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Women in Business Night a chance to create connections

CONNECTING LIKE-MINDED PEOPLE: The first Women in Business Night was split into two groups to follow Covid-19 protocols. Pictured back from left at Taiki e! Impact House are Seda Naden, Lyn Robb, Vicki Hiha, Jessie Bourke, Meredith Thomson, Sandra Groves, Marie Cramp, Kendall Bramwell, Sue Cameron, Alice Kibble and Regina de Wolf-Ngarimu. Seated from left are Helena Anderson, Samantha Cameron, Kylee Nepia and Steph Barnett. Pictures by Gwenda Harvey Photography
NETWORKING: Pictured at the gathering held at Harcourts are Debs Hancock, Taranga Kent, Jess MacLellan, Chrissy Aldridge, Annie Meredith, Katie Griffin, Kirstie Lovell, Alice Kibble (standing), Jean Torrie, Amanda Cook, Vesna Radonich, Nikki Archdale, Jay Brown, Sandra Troy, Diane Taylor, Wendy Reeves and Leshaan Smith.

The first ever Tairawhiti Women in Business Night was a success with all spaces taken and plans for further networking events.

The networking event held on November 11 was hosted by BNI First Light - Gisborne in collaboration with Taiki e! Impact House and was organised by Ask Alice owner Alice Kibble.

Tickets fo the event were sold out within 12 days and to follow Covid-19 protocols around gathering numbers, participants were divided into two groups — one met in the Harcourts Gisborne office and the other at Taiki e! Impact House.

Owner of Katie Jane Wellness and BNI First Light president Katie Griffin said the event was about bringing women together to connect like-minded people.

“We discussed challenges we have faced in business and we wanted to create connections for support.

“People have experienced a variety of challenges — staffing issues, navigating the Covid-19 pandemic, burnout affecting mental and physical health, and isolation when people are working on their own.”

Ms Griffin said the group she was part of was really engaged, honest and open about their business experiences.

“Everyone was really supportive of each other and we are hoping this event is the first of many.

“We have created a Facebook group called ‘Women in Business Tairawhiti’ — we encourage businesswomen to join so we can organise another networking event in the new year and continue to work together to use business as a tool to enhance community.”

Ms Griffin said her group also discussed how important it was to have a mentor.

“A third party one can talk to outside of work about what’s going on in their business; someone who can guide you through the challenges you may face.

“I think it is beneficial to have a mentor — a lot of women here tonight commented that it can be really helpful.

“I personally work on my own. I have found being part of a group like BNI is really good for connecting with people and for extra support. It has been great for my personal and professional development.”

BNI (Business Network International) is a business and professional referral organisation where members meet weekly, in different chapters nationwide, to exchange qualified business referrals and develop relationships.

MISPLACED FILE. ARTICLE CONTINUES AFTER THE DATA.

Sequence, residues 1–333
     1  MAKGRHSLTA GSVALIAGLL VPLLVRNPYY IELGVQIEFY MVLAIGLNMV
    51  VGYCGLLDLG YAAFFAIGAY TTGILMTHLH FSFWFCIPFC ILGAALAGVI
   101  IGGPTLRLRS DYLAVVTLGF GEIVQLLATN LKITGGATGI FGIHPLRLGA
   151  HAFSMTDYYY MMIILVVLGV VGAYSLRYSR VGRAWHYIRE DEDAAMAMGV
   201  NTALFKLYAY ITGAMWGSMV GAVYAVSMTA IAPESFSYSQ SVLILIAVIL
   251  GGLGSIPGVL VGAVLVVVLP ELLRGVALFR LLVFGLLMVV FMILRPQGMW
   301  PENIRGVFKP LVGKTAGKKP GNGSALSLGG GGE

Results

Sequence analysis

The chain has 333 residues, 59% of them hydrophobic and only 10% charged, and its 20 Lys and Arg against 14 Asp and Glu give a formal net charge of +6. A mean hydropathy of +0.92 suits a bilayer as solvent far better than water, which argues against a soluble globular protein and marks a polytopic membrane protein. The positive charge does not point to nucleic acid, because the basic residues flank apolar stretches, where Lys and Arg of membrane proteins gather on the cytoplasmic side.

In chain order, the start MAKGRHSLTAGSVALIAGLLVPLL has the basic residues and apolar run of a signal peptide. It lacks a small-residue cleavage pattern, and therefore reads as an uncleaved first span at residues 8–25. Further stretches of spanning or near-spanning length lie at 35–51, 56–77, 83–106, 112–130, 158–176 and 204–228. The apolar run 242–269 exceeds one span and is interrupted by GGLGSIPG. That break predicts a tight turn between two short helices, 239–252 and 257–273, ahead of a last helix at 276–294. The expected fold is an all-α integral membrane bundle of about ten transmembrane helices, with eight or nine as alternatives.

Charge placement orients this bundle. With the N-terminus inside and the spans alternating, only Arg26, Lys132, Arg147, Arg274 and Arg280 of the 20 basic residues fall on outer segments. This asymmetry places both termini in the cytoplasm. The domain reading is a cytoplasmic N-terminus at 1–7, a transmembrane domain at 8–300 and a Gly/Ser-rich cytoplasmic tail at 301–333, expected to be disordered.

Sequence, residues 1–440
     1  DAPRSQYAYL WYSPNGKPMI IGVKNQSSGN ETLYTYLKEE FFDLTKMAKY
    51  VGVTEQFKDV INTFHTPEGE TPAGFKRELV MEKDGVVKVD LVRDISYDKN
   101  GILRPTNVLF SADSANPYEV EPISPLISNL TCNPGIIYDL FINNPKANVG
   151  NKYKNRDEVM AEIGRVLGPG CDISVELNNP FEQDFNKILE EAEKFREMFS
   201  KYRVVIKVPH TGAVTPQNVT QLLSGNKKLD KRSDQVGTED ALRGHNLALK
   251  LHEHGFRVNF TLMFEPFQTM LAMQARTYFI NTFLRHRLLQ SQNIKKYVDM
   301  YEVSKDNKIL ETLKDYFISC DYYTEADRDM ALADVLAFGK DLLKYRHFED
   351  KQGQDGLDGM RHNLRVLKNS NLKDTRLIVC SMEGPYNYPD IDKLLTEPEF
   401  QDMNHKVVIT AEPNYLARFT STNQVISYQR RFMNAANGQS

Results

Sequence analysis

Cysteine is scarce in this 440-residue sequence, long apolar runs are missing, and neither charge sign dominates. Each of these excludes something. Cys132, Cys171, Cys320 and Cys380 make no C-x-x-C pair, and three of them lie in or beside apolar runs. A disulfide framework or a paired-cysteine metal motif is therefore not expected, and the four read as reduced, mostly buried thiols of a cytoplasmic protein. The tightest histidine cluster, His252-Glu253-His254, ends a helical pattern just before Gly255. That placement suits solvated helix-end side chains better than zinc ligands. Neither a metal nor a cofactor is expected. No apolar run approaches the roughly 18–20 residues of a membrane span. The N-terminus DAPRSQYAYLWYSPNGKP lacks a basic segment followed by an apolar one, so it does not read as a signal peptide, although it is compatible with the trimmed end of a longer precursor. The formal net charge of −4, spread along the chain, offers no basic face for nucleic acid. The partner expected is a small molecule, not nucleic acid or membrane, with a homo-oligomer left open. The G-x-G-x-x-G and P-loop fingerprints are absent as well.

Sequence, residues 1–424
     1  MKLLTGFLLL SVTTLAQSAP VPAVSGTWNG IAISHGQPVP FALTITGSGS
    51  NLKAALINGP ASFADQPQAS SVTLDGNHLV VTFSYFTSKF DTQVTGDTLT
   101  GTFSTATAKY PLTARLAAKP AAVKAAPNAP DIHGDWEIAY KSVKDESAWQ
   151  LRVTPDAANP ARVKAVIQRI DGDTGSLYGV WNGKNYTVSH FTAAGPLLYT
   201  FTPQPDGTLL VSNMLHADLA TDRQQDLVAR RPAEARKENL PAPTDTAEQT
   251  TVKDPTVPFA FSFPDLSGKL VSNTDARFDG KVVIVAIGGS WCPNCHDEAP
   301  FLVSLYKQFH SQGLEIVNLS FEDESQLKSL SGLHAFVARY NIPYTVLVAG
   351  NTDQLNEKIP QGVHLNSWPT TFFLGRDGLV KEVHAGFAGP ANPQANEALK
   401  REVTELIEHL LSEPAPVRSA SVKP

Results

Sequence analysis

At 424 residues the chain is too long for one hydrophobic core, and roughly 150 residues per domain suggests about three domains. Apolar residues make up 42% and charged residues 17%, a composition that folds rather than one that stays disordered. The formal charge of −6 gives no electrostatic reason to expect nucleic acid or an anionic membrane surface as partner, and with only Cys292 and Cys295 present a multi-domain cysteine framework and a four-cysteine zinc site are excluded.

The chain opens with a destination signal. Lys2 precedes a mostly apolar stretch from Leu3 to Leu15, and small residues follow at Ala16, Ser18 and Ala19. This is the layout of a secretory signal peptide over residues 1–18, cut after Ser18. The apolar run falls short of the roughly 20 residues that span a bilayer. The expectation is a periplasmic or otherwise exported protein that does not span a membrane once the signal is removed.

Event organiser Alice Kibble is a BNI member and a resident at Taiki E! impact house.

“We had a great turnout, which was really awesome. We are actually surprised by the amount of interest in the event, which is testament to the need for a women in business support group here in Tairawhiti.

“We have had a range of businesswomen come along — end-of-life doula, photographers, cafe owners, technology, artists and forestry — a wide variety of industries were represented here.”

Ms Kibble said her group talked about how important it was to have a support network when running a business, to learn from other people’s experiences — especially in the current climate.

“The event was really about collaboration of ideas and solutions, so we can move together towards a better future.

“Our group also talked about challenges we face as business owners — time, and how you manage it.”

Ms Kibble said the group also talked about how to prioritise self-care and maintain a healthy work-life balance.

“How it’s really important to prioritise yourself and take time out for yourself and family.

“Business isn’t the be-all and end-all. It’s a driver to create a better life for your community and whanau. Don’t forget that’s the reason you are doing it.”

Author Regina De Wolf-Ngarimu said she really enjoyed the evening.

“The opportunity to connect with other businesswomen in the community in a relaxed and nurturing environment is a gift.

“We live in a diverse, highly creative space and the mahi of these mana wahine, who drive entrepreneurial activity, adds to the business landscape.

“I feel that in Turanganui-a-Kiwa, activities that create work and income should be assisted and applauded by all. Every person I met had knowledge to share and that’s beautiful.

“It was fantastic to have Alice Kibble involved in this. I really admire her drive. While Alice was young, I actually voted for her when she ran for council as she was the only candidate to proactively approach us with information on her values.

“Her business is fantastic. Also, the Taiki E! environment is full of smart, supportive people every day, and they are so respectful.”

The event was a part of Global Entrepreneurship Week 2021.